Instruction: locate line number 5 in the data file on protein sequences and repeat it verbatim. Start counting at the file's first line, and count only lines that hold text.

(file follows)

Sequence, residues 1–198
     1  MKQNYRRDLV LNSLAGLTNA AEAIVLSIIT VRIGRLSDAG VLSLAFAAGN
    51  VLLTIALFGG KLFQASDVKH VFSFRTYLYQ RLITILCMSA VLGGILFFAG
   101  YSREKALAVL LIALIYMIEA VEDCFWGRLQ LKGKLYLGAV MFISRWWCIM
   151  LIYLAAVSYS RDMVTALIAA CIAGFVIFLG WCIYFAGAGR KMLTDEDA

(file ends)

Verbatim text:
   151  LIYLAAVSYS RDMVTALIAA CIAGFVIFLG WCIYFAGAGR KMLTDEDA